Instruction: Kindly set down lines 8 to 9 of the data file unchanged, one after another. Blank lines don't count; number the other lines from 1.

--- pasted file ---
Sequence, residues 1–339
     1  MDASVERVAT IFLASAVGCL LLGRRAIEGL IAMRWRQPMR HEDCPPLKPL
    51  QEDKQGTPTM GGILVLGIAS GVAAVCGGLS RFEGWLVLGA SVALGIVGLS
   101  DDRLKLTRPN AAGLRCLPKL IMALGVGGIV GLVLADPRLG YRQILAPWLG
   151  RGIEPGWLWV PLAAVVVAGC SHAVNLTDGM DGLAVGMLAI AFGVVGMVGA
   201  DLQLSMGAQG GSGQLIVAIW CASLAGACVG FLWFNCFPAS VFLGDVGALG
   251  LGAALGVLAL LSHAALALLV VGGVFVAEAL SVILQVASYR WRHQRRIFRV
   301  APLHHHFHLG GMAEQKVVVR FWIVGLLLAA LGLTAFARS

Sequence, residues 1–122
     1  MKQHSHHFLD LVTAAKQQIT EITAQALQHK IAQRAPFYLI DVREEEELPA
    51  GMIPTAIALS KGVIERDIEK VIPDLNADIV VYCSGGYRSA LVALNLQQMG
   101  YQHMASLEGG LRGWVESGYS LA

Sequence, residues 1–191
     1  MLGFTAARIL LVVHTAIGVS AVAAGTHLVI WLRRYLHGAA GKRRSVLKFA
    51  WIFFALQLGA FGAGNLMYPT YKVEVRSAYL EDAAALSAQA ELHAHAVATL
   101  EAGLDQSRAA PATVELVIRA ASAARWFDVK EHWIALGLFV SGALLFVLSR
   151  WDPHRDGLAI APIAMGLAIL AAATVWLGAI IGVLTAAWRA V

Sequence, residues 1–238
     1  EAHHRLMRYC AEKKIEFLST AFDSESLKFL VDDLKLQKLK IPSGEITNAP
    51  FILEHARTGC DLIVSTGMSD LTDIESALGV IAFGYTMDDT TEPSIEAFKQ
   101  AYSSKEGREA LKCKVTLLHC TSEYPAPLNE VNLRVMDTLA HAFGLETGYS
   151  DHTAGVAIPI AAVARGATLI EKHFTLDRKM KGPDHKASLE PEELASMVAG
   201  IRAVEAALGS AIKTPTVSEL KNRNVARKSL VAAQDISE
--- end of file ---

   301  APLHHHFHLG GMAEQKVVVR FWIVGLLLAA LGLTAFARS

Sequence, residues 1–122